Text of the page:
Emily Dickinson Archive
Emily Dickinson knew that modesty and self-confidence, blended together, would disarm her reader and delight and mystify the people around her. Shirking conventionality offered her a modicum of freedom and enlarged her presence simultaneously; she was both eccentric spinster and white-clad angel, depending on how you saw her.
Reckoning with extreme psychic suffering, Dickinson’s poetic speakers repeatedly confront the boundary between unknowable interior experience and intelligible linguistic testimony.
From Lewis Carroll’s Alice’s Adventures in Wonderland to Chimamanda Ngozi Adichie’s Purple Hibiscus, the temporality and fragility of flowers provide extensive ground for cultivating figurative meanings.
Contemporary American poetry was born in the context of the Civil War, the war that claimed more Americans than ever before or since. Whitman and Dickinson, two of America’s seminal poets, were alive and writing poetry during the Civil War.
As bookish '90s teenage role models go, Joey Potter of Dawson's Creek never quite reached the "girl-power" heights of Rory Gilmore, Willow Rosenberg, or Daria.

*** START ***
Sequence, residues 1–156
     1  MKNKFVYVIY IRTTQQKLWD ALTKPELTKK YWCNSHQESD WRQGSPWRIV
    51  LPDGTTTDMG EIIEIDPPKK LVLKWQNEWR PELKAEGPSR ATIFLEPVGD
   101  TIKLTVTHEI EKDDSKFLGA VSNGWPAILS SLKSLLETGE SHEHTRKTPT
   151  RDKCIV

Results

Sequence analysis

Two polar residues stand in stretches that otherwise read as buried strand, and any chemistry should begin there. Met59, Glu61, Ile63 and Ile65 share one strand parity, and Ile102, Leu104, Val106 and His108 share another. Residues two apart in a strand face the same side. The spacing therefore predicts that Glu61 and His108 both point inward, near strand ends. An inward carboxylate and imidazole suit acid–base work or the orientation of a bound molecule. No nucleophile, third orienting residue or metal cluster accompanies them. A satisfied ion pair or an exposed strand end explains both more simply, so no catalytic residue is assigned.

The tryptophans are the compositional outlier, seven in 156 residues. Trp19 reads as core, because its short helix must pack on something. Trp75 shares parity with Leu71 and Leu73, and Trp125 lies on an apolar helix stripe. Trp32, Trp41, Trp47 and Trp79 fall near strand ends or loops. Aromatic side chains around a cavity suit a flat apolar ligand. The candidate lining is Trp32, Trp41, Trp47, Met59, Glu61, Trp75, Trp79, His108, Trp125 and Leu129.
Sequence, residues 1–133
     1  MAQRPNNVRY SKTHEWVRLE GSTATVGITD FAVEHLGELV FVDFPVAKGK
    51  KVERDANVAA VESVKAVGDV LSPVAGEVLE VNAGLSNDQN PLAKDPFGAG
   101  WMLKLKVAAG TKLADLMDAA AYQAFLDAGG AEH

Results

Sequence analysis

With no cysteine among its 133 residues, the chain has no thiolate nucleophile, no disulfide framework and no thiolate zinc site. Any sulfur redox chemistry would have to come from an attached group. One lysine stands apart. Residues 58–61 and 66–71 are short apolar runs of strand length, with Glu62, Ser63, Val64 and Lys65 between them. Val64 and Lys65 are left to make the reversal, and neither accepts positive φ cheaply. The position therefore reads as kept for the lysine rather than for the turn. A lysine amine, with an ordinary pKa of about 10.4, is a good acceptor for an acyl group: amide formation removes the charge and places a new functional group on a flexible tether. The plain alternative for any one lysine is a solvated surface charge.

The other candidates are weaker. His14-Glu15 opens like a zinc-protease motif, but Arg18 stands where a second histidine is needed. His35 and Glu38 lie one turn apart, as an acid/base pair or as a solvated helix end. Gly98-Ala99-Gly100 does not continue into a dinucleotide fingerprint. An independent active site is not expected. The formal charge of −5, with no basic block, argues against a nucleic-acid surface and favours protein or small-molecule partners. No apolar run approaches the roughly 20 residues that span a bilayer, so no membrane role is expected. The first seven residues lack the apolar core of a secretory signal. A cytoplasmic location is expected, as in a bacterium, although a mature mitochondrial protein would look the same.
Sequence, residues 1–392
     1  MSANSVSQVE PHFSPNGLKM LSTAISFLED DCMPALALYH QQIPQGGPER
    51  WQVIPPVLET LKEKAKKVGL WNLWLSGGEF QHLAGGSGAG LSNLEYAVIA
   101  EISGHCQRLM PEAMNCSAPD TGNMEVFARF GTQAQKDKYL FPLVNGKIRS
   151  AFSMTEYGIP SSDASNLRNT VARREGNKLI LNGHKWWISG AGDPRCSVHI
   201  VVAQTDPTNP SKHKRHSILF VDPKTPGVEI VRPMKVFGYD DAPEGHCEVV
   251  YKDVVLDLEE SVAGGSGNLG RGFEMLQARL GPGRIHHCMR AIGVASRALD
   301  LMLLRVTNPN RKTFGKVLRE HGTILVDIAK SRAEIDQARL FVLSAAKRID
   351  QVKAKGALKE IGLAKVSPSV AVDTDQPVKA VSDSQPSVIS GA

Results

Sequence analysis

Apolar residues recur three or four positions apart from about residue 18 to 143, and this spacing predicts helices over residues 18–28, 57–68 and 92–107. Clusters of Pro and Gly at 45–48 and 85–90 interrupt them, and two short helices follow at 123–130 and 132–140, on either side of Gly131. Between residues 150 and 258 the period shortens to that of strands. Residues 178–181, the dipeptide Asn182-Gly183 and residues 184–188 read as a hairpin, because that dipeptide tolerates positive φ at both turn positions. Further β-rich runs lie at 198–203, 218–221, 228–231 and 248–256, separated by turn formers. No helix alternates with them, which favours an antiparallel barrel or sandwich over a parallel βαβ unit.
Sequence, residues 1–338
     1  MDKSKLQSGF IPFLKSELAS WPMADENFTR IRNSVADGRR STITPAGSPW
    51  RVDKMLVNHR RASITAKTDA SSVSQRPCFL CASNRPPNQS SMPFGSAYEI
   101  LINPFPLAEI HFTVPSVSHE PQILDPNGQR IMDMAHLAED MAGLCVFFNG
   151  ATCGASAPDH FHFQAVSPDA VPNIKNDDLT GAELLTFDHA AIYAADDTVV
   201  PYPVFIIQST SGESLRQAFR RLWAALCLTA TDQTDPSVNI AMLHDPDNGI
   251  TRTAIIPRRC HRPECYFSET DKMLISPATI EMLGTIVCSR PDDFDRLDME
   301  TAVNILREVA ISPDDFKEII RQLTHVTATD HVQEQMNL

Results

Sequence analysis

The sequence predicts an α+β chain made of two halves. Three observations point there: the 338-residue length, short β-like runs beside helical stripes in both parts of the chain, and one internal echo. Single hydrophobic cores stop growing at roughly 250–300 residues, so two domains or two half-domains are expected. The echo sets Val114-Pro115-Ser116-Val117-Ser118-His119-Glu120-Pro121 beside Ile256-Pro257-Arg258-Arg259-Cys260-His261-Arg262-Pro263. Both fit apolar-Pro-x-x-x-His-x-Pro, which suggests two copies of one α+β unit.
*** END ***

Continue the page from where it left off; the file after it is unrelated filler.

Poems, for me, are the epitome of Dickinson’s capital-L Loneliness, that loneliness that accompanies and keeps one from feeling utterly alone, its shadow-shape, its cameo presence.
The required reading for the entering undergraduate class the year I enrolled was Lies My Teacher Told Me: Everything Your American History Textbook Got Wrong, by James W. Loewen. I didn’t read it.
One could argue that the work of Diane Schoemperlen is highly unusual even beyond its incredible strength: a more lyric prose managing publication through larger and more mainstream Canadian publishers. Given her work, I was curious to engage with her memoir, This Is Not My Life.
Emily Dickinson is known for her rumination on the anxiety surrounding death, and particularly the pain that accompanies mourning. But her poetry demonstrates a comparable mistrust of eternal life, rendering the idea of a paradisiacal afterlife as emotionally fraught as the idea of oblivion.
A year and a half ago, my uncle Chuck died unexpectedly. My family wanted me to have his books because I was a reader like he had been, and I was also a writer. And I wanted the books, especially his Library of America books.